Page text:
Banks are back: How the UK's banking sector got its mojo back as dividend payments rise

Annabelle Williams
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Banks may have become the City's bad guys - but consensus is divis will rise (Source: Corbis)

The UK’s banks are back on form and could be the best place to invest for good and growing dividends.

British banks such as Lloyds, HSBC and Barclays were once the best places to invest for solid dividends. Ten years ago, banks provided a quarter of all dividends in the UK market, according to figures from OMGI.
But when banks were battered during the financial crisis, not only did their share prices plummet, but many were forced to suspend dividend payments too.
In the six years since the crisis, banks have either been paying out meagre dividends, or nothing at all.
As banks have struggled to recapitalise and have been hit with a number of huge fines, fund managers have turned to supermarkets, insurance companies and the oil giants for dividends.

Dividend slowdown

But now dividend payments across the UK market have begun to stagnate. The bulk of dividends are paid by around 20 big companies – and many of these are facing new problems.

One of the biggest dividend-payers in the market, Tesco, was forced to cancel its payout for 2014-15 after an accounting scandal showed it had a black hole in its finances. This has made a “measurable dent” in the outlook for overall dividend income available to investors, says Capita Dividend Monitors.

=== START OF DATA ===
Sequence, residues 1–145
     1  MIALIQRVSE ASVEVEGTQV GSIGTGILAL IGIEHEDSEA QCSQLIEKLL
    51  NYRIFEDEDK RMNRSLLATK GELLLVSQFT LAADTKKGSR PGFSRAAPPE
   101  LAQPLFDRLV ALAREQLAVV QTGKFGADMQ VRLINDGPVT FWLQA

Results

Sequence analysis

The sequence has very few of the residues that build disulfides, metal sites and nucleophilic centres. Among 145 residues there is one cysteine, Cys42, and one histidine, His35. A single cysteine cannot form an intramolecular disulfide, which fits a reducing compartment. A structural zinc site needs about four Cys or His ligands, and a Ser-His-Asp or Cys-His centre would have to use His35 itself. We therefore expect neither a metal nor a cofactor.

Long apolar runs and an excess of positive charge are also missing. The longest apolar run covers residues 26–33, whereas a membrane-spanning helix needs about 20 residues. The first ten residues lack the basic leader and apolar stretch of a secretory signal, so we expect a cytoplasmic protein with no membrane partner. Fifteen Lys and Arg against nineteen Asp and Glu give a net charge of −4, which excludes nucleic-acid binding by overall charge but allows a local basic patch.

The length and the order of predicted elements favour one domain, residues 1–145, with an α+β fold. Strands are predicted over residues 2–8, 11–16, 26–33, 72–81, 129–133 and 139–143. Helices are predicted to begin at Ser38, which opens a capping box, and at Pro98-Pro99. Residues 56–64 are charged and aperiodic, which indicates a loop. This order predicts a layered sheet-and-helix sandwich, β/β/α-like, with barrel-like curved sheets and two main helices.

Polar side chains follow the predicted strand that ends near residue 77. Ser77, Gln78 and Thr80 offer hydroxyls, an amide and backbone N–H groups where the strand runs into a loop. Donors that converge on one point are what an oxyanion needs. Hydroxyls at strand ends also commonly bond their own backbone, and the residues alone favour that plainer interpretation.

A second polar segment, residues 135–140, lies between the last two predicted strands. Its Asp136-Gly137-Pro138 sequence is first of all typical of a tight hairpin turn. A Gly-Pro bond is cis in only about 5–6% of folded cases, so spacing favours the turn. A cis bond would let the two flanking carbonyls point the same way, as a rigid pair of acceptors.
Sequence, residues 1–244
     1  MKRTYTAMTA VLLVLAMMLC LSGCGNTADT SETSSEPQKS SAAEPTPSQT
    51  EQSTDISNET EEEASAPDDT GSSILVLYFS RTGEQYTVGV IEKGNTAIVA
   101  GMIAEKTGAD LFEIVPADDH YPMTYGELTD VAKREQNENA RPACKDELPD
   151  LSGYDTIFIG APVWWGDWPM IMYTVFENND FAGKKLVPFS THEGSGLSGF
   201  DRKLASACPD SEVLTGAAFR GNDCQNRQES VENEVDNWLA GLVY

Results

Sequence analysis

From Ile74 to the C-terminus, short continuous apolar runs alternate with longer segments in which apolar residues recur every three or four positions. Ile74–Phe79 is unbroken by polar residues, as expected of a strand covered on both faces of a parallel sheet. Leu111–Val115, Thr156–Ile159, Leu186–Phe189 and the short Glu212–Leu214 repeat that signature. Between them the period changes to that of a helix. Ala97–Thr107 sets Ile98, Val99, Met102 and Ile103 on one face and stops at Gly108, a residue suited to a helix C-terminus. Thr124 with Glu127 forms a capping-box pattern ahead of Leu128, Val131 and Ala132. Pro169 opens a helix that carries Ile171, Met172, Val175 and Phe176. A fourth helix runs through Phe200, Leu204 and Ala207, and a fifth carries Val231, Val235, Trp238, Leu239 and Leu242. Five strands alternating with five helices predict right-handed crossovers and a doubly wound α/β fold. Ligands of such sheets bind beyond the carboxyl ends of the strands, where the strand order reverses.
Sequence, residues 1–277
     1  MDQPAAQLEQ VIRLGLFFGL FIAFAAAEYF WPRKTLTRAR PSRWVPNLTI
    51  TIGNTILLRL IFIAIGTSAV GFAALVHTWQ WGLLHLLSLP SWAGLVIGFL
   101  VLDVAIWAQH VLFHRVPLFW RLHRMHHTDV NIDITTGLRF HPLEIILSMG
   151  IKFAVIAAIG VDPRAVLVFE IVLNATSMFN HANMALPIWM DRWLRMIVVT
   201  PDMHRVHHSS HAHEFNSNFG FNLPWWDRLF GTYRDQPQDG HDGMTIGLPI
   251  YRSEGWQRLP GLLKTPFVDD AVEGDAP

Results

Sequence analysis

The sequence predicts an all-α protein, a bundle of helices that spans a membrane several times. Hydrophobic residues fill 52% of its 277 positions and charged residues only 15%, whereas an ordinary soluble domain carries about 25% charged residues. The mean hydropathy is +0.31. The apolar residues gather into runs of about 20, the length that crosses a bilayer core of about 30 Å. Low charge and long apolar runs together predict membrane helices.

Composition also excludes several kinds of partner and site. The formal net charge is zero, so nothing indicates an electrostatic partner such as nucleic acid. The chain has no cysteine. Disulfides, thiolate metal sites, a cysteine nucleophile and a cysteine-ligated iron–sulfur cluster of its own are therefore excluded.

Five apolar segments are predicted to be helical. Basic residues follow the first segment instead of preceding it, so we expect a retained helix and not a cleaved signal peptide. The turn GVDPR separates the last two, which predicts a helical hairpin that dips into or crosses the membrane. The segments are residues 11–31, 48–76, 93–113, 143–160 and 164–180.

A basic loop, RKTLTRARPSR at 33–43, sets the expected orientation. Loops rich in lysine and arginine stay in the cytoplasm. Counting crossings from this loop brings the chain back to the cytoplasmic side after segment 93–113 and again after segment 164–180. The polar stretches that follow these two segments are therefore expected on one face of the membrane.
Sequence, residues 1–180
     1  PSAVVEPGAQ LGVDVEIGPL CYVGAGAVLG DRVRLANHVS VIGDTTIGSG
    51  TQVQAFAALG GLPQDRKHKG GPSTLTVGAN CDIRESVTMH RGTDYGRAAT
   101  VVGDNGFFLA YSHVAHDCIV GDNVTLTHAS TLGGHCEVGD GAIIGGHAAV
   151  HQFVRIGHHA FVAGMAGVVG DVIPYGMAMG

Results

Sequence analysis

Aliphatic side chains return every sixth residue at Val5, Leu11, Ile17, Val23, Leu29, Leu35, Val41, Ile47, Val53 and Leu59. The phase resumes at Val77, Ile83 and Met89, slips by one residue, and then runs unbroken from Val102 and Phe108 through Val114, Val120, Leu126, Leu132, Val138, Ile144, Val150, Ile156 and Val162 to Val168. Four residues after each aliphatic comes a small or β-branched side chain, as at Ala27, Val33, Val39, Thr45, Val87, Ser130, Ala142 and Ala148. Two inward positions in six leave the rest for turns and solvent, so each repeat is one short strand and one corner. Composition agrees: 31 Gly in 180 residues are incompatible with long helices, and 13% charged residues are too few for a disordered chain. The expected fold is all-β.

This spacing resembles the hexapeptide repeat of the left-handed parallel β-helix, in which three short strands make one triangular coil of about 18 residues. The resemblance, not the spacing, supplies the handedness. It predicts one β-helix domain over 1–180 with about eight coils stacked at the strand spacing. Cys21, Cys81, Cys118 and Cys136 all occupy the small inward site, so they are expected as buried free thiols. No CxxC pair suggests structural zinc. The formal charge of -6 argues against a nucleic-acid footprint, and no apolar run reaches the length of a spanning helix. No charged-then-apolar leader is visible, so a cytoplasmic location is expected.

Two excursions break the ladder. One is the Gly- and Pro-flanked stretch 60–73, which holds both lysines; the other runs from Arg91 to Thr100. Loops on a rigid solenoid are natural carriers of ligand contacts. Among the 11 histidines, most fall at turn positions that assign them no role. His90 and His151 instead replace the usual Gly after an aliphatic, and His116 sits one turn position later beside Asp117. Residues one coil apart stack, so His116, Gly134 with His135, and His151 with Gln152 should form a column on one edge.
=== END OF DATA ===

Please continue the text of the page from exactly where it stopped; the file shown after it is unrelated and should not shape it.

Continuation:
Meanwhile, insurance companies have been hit by the government’s changes to pension annuities, and profits at oil and mining companies have suffered in the face of falling commodity prices.
Given these mounting pressures, dividend growth in the UK has been slowing. Last year, growth came in at a measly 1.4 per cent – the lowest rate of expansion since 2010.

Banks back on form

But six years on from the depths of the crisis, UK banks are now returning to form. The health of these businesses is reflected in their dividends, with HSBC and Barclays paying dividends of 50 cents and 6.5p, respectively – although Royal Bank of Scotland is yet to resume dividend payments.
Last month, Lloyds announced its first dividend since the government was forced to bail it out in 2008. Lloyds will return 0.75p per share to each of its 3m shareholders for the 2014 financial year.
The payout may be low, but consensus expectations are for a 3p per share payout at the end of 2015, rising to 4p by the end of 2016, according to Bloomberg.
Lloyds’ chief executive Antonio Horta-Osorio said he hopes that resuming dividend payments will lead to much higher interest in the bank’s shares, which in turn will help it to recover further.
“The management at Lloyds would like it to become a dividend machine,” says Eric Moore, manager of the Miton Income fund.
Many fund managers believe UK banks are back on track, and some have been buying up shares in anticipation of higher dividends in future. Banks will also be beneficiaries of interest rate rises, making them doubly attractive to investors.
Shares in both Lloyds and HSBC have risen 11 per cent over the last six months, although Lloyds’ share price has been weakened by the government selling down its stake.
Stephen Message, manager of the Old Mutual UK Equity Income fund, is holding HSBC as a top-ten position in his fund, and also has stakes in Lloyds and Barclays.
Although he recognises Lloyds’ new 0.75p dividend is small, Message says the move to resume dividend payments is symbolic and indicates there are good times ahead for the bank.